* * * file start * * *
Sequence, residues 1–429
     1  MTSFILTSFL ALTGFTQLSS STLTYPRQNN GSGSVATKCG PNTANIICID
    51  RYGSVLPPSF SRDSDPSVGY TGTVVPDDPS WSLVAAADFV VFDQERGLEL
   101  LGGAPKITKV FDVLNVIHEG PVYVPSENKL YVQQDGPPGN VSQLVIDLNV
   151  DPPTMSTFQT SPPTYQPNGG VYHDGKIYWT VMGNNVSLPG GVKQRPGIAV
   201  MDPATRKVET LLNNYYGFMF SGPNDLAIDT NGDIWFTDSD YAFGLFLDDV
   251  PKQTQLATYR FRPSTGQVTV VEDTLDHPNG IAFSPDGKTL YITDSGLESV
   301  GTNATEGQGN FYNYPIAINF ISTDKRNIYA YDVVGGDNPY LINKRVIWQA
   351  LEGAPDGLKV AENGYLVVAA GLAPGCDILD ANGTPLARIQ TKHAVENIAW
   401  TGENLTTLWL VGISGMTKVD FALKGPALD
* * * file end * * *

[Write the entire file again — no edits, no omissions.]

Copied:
Sequence, residues 1–429
     1  MTSFILTSFL ALTGFTQLSS STLTYPRQNN GSGSVATKCG PNTANIICID
    51  RYGSVLPPSF SRDSDPSVGY TGTVVPDDPS WSLVAAADFV VFDQERGLEL
   101  LGGAPKITKV FDVLNVIHEG PVYVPSENKL YVQQDGPPGN VSQLVIDLNV
   151  DPPTMSTFQT SPPTYQPNGG VYHDGKIYWT VMGNNVSLPG GVKQRPGIAV
   201  MDPATRKVET LLNNYYGFMF SGPNDLAIDT NGDIWFTDSD YAFGLFLDDV
   251  PKQTQLATYR FRPSTGQVTV VEDTLDHPNG IAFSPDGKTL YITDSGLESV
   301  GTNATEGQGN FYNYPIAINF ISTDKRNIYA YDVVGGDNPY LINKRVIWQA
   351  LEGAPDGLKV AENGYLVVAA GLAPGCDILD ANGTPLARIQ TKHAVENIAW
   401  TGENLTTLWL VGISGMTKVD FALKGPALD